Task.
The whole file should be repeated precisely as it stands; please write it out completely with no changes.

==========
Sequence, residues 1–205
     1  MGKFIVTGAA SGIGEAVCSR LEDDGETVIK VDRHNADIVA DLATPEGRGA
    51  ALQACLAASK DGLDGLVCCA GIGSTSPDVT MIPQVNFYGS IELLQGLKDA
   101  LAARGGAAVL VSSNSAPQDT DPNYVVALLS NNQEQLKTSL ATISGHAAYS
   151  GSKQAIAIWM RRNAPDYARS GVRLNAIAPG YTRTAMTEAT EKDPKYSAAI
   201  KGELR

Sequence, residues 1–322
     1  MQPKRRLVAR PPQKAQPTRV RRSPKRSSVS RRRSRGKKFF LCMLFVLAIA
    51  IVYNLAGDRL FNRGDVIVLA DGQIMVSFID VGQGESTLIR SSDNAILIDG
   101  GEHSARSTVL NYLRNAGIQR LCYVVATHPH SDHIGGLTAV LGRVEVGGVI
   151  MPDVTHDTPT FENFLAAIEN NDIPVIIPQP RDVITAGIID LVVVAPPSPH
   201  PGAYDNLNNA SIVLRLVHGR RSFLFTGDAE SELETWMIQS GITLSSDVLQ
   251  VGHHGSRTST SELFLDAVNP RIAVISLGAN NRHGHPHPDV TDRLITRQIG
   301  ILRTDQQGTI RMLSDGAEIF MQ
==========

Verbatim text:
Sequence, residues 1–205
     1  MGKFIVTGAA SGIGEAVCSR LEDDGETVIK VDRHNADIVA DLATPEGRGA
    51  ALQACLAASK DGLDGLVCCA GIGSTSPDVT MIPQVNFYGS IELLQGLKDA
   101  LAARGGAAVL VSSNSAPQDT DPNYVVALLS NNQEQLKTSL ATISGHAAYS
   151  GSKQAIAIWM RRNAPDYARS GVRLNAIAPG YTRTAMTEAT EKDPKYSAAI
   201  KGELR

Sequence, residues 1–322
     1  MQPKRRLVAR PPQKAQPTRV RRSPKRSSVS RRRSRGKKFF LCMLFVLAIA
    51  IVYNLAGDRL FNRGDVIVLA DGQIMVSFID VGQGESTLIR SSDNAILIDG
   101  GEHSARSTVL NYLRNAGIQR LCYVVATHPH SDHIGGLTAV LGRVEVGGVI
   151  MPDVTHDTPT FENFLAAIEN NDIPVIIPQP RDVITAGIID LVVVAPPSPH
   201  PGAYDNLNNA SIVLRLVHGR RSFLFTGDAE SELETWMIQS GITLSSDVLQ
   251  VGHHGSRTST SELFLDAVNP RIAVISLGAN NRHGHPHPDV TDRLITRQIG
   301  ILRTDQQGTI RMLSDGAEIF MQ